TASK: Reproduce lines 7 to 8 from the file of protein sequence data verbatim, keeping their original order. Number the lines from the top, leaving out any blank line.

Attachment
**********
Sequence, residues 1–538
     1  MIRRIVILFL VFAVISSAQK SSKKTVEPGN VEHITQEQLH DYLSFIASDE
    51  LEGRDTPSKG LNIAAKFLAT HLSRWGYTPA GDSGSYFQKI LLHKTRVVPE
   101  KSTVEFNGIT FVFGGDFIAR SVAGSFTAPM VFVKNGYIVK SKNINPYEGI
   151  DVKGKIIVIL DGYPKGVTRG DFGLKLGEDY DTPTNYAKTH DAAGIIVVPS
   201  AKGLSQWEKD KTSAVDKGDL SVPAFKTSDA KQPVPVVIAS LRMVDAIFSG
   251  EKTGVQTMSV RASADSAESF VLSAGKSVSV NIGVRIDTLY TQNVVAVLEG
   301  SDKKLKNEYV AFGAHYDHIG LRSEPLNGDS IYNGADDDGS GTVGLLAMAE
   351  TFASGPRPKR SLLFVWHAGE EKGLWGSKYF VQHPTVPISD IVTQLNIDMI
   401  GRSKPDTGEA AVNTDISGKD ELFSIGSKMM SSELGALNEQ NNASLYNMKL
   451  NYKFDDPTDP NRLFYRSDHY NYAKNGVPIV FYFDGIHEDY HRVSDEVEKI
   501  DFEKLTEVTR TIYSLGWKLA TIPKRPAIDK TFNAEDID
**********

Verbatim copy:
   251  EKTGVQTMSV RASADSAESF VLSAGKSVSV NIGVRIDTLY TQNVVAVLEG
   301  SDKKLKNEYV AFGAHYDHIG LRSEPLNGDS IYNGADDDGS GTVGLLAMAE